Flashcards in ILA 7: Resp disease & anaesthesia Deck (13)
Mr. Jones is a 60 year old retired cab driver who has come in for a revision knee replacement. He is seen regularly in chest clinic with COPD. His BMI is 31.5.
- How will you assess Mr Jones respiratory status?
- Acute symptoms: current infection, SOB, reduced exercise tolerance, etc.
- Long-term disease control: medications, admissions (esp. HDU/ITU), oral steroid courses, HMV/LTOT
- Resp exam (paraphernalia, clubbing, hypoxia, accessory muscles, talk fluently, focal signs)
- FEV1 (<0.3 = very severe, 0.3-0.5 = severe, 0.5-0.8 = moderate, >0.8 = mild)
- FEV1/FVC ratio (<0.7 = COPD)
- Blood gas (well-compensated?)
- Possible CXR if focal signs suspected
Pathophysiology of COPD
Inflammation of the airways, causing thickening of the epithelium and mucus production, resulting in airways obstruction (irreversible).
Leads to air-trapping and emphysema.
- Medications: SABA, LABA, ICS, etc.
Breathlessness: MRC classification
(note: NYHA is used for cardiac disease)
1 - not troubled by SOB except on strenuous exercise
2 - SOB when hurrying on level ground or walking up slight hill
3 - walks slower than normal people or stops after 15 mins walking at own pace
4 - stop after a few hundred yards/few mins on the flat
5 - too breathless to leave house/breathless on undressing
How can cardiorespiratory function be measured?
How can functional status be measured?
How can you prepare this COPD man for surgery?
- Stop smoking ideally 6-8 weeks pre-surgery (and at least 12 hours before)
- Optimise medications to alleviate symptoms
- Weight loss
- Physiotherapy - increase exercise tolerance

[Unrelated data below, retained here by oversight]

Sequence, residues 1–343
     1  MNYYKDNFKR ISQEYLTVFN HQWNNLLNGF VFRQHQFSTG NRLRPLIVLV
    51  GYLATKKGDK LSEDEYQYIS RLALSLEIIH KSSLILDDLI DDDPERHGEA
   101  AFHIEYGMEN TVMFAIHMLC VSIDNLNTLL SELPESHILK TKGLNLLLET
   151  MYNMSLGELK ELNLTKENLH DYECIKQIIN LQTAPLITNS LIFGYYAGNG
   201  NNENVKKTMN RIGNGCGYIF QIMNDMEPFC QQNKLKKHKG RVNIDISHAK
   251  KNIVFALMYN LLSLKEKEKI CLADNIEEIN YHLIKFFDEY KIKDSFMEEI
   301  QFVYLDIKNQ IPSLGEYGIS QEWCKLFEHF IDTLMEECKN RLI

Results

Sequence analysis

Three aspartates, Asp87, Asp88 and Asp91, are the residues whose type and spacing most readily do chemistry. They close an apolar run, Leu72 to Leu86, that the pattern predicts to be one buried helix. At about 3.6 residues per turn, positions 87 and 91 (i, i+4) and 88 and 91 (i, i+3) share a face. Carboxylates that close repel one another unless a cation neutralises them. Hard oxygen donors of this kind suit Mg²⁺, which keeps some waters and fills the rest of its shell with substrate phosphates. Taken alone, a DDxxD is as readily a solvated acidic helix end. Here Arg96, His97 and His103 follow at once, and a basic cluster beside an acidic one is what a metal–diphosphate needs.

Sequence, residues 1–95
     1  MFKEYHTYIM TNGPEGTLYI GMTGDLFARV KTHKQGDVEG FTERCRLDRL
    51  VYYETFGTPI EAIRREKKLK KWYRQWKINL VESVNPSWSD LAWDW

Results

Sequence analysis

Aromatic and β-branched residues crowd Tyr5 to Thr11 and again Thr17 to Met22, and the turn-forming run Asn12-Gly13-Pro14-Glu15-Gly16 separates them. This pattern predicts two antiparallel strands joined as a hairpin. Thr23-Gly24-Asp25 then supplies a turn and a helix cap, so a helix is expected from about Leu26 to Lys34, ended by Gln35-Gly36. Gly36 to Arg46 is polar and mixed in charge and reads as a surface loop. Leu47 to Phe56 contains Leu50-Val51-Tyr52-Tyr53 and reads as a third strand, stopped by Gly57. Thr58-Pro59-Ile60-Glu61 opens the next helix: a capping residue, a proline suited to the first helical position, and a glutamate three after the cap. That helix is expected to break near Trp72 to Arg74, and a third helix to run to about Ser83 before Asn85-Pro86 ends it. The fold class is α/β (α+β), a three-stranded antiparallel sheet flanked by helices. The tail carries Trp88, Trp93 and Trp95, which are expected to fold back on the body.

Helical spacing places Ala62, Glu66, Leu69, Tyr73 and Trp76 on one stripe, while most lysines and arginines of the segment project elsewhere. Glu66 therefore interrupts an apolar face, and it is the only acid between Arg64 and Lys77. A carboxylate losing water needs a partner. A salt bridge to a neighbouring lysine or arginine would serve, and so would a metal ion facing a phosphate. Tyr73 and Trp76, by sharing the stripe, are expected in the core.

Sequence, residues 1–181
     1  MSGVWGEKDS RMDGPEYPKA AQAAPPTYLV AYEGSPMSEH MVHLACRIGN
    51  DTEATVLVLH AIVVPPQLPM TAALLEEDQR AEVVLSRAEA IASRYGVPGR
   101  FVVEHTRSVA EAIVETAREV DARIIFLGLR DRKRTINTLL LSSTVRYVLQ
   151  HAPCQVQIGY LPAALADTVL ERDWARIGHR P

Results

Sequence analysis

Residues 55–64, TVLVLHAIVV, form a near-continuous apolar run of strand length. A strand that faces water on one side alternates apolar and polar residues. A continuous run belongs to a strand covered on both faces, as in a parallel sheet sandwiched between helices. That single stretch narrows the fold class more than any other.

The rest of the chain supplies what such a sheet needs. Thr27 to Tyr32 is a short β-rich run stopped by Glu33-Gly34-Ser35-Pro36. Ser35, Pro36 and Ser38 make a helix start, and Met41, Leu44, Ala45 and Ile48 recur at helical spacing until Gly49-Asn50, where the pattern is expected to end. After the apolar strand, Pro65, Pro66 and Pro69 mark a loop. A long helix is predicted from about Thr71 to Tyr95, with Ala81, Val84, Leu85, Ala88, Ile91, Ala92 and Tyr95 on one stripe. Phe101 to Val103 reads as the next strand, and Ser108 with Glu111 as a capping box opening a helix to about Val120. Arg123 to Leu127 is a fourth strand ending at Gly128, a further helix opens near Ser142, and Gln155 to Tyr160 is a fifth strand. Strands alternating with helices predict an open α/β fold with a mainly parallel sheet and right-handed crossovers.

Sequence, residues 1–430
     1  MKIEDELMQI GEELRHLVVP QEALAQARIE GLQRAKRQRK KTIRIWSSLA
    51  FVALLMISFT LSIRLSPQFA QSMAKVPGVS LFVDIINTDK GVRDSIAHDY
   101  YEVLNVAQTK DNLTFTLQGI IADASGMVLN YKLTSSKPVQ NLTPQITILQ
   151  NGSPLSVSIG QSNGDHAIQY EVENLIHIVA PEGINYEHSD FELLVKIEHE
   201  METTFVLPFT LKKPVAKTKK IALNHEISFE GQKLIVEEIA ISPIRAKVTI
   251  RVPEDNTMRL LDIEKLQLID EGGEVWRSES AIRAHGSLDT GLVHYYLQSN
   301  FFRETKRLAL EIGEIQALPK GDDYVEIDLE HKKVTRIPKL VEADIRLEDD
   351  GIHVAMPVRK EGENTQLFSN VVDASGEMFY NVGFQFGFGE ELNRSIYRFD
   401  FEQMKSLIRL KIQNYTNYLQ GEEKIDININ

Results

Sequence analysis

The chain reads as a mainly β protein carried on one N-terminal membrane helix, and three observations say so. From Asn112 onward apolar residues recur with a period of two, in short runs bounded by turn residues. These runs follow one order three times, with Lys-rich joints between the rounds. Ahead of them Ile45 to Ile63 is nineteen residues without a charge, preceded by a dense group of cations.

Mr Jones’ wife comments in pre-assessment clinic that he snores loudly. What relevance might this have? What further questions would you like to ask Mr Jones and his wife? How may you take this further?
- May indicate airway obstruction
- Upon extubation, airway may obstruct due to anaesthetic effects
- Opiates may worsen this
OSA: risk factors
Mnemonic - STOP BANG
(0-2: low risk of OSA, 3-4: moderate, 5-8: high risk)
Tiredness during the day
Neck circumference >40cm
OSA: operative management
Pre-op: blood gas, book HDU bed post-op
Op: avoid GA and sedation if possible, if need GA then use ETT.
Post-op: extubate carefully, HDU
Why spinal may be preferable to GA
- You shouldn't put someone under GA (if can be avoided) where they are at risk of difficult extubation
- Less post-op issues: when spinal wears off, they will probably be okay to go home
- BP lower: less blood loss
- Improved venous circulation: lower VTE risk
Oral steroids can cause adrenal suppression and subsequent inadequate response during stress, such as the peri-operative period.
What should you do about this?
Convert oral steroids (pred) to IV hydrocortisone. Conversion ratio = 1:4 (10mg pred = 40mg hydrocortisone)